News Posts matching "commission"

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European Commission Goes After 13 Optical Drive Makers for Price-Fixing

Optical disc drives are components buyers are least bothered about, when purchasing parts to build a PC, or replace a broken one. The EU's regulators have found something fishy even with companies making these roughly-20€ PC components. According to the European Commission (EC), 13 optical disc drive vendors may have conspired to fix prices of their products on a global scale, and that affects European consumers, as well.

The EC is investigating 13 drive suppliers, and 2 major PC OEMs (pre-built PC vendors), for conducting and participating in what is known as bid rigging scheme, a serious antitrust violation. In bid rigging schemes, the bidders and contractees conspire to rig their prices so that a particular supplier wins the bid. Penalties for such a violation include 10% of worldwide turnover set as fines.

Source: Maximum PC

Intel Appeals Against $1.3 Billion Fine by EU, from 2009

Around three years after the European Commission slapped Intel with a record €1.06 billion fine for anti-competitive practices against market rival AMD, the company appealed against the fine, on grounds that the commission relied on "profoundly inadequate" evidence to establish anti-competition charges against the company, which lead to the fine. A 5-member bench of General Court in Luxembourg, Europe's second highest, will hear arguments of both Intel and EU's regulators, during a 4-day hearing. Intel wants its conviction quashed and its fine reduced/removed. According to European regulators, major computer manufacturers such as HP, Dell, and Lenovo, received unfair rebates from Intel for opting for its chips. The case is T-286/09, Intel vs Commission.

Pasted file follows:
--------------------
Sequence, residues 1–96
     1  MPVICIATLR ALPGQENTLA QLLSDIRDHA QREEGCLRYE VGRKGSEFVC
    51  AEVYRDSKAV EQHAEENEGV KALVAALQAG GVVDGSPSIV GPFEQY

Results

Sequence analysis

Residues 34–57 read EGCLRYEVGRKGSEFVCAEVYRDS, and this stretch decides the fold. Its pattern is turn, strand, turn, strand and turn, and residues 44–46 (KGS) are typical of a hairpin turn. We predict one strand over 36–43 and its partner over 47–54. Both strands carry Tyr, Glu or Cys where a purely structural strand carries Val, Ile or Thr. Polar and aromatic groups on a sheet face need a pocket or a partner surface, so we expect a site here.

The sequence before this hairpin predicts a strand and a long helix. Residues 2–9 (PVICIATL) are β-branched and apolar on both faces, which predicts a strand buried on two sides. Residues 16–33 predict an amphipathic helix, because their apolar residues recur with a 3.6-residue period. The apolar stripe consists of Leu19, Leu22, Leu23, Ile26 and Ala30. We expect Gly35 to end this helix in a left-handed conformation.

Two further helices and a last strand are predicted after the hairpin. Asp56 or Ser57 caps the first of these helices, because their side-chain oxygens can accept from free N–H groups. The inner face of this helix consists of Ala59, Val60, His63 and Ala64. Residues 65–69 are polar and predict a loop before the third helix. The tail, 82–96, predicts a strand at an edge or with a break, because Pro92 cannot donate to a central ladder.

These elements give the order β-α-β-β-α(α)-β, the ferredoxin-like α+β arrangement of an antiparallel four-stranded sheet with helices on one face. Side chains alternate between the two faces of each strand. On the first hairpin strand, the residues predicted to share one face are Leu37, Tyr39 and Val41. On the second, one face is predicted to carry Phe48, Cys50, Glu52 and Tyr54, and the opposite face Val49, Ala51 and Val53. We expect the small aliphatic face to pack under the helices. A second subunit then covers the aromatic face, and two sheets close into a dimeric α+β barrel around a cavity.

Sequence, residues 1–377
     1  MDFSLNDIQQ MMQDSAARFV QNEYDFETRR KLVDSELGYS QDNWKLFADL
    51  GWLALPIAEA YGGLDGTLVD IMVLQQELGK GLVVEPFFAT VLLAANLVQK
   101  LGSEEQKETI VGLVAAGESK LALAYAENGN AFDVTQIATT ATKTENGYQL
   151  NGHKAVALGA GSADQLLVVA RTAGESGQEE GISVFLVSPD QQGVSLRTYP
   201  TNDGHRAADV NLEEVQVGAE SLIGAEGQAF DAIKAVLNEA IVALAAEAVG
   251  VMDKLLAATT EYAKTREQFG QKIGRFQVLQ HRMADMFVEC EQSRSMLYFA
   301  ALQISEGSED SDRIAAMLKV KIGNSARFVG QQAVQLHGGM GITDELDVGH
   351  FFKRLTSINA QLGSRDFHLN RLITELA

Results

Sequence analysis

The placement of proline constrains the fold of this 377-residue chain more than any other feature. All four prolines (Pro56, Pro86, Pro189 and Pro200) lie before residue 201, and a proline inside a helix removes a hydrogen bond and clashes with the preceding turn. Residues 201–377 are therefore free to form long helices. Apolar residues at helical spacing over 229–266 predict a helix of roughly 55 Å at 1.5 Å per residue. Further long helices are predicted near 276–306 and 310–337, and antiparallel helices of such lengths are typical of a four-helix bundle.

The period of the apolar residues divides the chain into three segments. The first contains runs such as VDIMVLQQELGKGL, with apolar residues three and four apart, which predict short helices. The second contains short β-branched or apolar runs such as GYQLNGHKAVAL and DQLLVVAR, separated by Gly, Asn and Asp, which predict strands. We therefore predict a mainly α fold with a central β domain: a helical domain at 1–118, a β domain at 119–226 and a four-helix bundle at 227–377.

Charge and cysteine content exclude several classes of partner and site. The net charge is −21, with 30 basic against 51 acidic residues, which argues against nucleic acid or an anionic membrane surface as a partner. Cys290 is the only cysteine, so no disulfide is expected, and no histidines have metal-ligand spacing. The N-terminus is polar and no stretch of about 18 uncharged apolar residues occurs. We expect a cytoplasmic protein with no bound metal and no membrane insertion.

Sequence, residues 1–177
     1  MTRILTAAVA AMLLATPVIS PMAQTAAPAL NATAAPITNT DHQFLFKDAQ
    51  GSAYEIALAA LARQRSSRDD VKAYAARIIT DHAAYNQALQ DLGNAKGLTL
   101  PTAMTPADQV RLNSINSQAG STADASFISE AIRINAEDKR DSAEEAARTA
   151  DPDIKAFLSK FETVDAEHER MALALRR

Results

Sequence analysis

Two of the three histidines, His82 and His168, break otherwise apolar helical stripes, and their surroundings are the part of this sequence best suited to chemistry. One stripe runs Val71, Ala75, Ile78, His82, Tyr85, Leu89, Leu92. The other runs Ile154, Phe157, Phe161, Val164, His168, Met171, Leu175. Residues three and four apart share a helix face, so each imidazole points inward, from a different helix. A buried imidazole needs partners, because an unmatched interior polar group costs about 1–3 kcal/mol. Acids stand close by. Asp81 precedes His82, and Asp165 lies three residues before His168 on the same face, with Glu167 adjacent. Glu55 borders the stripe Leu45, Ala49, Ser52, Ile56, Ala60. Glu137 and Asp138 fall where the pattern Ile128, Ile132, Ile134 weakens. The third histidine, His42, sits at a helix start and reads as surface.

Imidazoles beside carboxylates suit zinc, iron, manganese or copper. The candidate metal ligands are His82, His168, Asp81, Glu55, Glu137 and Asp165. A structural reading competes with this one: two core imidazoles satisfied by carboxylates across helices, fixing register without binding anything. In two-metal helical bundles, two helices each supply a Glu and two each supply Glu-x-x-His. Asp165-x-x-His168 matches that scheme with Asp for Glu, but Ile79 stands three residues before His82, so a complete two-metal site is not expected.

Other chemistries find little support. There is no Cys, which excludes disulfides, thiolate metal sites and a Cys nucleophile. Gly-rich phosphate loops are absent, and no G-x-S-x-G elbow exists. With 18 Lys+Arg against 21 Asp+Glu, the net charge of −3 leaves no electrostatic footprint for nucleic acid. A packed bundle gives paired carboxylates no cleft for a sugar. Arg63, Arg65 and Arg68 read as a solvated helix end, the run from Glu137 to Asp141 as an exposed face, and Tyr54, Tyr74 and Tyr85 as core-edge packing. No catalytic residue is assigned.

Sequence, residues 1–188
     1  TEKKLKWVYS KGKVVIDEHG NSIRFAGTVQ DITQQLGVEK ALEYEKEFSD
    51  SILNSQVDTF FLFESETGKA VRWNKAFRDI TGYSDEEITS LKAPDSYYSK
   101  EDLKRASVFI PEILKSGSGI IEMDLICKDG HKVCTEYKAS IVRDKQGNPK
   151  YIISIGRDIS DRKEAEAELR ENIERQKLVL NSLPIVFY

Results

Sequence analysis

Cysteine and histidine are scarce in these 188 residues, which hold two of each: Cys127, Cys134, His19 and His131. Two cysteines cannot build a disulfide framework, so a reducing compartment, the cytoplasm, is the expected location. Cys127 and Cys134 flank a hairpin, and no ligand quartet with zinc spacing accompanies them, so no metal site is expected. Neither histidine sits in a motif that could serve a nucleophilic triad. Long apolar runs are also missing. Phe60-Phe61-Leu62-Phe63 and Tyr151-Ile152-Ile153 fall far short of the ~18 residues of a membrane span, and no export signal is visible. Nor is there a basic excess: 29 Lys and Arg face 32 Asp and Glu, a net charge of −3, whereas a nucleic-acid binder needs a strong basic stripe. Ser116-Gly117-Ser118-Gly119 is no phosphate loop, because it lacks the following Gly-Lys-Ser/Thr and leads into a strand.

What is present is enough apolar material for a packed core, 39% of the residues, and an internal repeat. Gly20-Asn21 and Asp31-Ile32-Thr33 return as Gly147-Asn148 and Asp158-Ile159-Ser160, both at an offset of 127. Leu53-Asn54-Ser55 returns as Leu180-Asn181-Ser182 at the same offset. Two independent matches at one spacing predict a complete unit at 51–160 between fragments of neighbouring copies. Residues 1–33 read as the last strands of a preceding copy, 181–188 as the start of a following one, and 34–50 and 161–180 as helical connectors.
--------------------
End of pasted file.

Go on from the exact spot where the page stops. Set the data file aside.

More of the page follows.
Source: Reuters

Origin Expands Games Catalog, DRM-Free Evangelist Joins DRM Scheme

Origin is the fledgling online download account-based DRM service from Electronic Arts launched last June, that is home to Battlefield 3. To compete effectively against other similar services, the industry-leading Steam in particular, it must offer more content. To this end, Origin has added 11 publishers to its portfolio, reports CVG. These are Trion Worlds, Robot Entertainment, Freebird Games, Recoil Games, Autumn Games, 1C Company, inXile entertainment, Paradox Interactive, Core Learning Ltd, N3V Games and CD Projekt RED. That last one is interesting, because CD Projekt RED owns and runs www.gog.com, the website dedicated to selling DRM-free games.

U.S. Army Attacks the CryEngine

The U.S. Army might be financing one of the most epic videos games ever made that very few people may ever play. The "game" is called Dismounted Soldier Training System and was commissioned by the U.S. government back in May for a staggering cost of 57 million dollars. The contract was awarded to RealTime Immersive Inc. All of this according to PC Gamer. Everything about this simulator is said to be cutting edge but the hardware it runs on. In a GamePro interview with the director of strategic programs at Intelligent Decisions, Floyd West is said to have stated, "With CryEngine 3 being used for Crysis 2 and the capabilities that game engine provides, it allows us to make the most realistic simulation possible. We’re able to transport soldiers to accurately recreated locales like Afghanistan and Iraq, where we can simulate everything from visuals to 360-degree sound."

The virtual reality headsets the trainees wear will run from a backpack unit similar to a top of the range gaming laptop, called the 'Man Wearable Unit'. "While the man wearable units aren’t running on an off-the-shelf Alienware, the internal components themselves are commercial off-the-shelf CPUs and GPUs like NVIDIA graphic cards and whatnot."

As this is an internal military training simulator we the public may never play it. However that doesn't mean we cannot watch the trailers in awe and wonder if our own rigs could render thousands of kilometers in such massive detail.

Trailer 1 | Trailer 2

Source: PC Gamer
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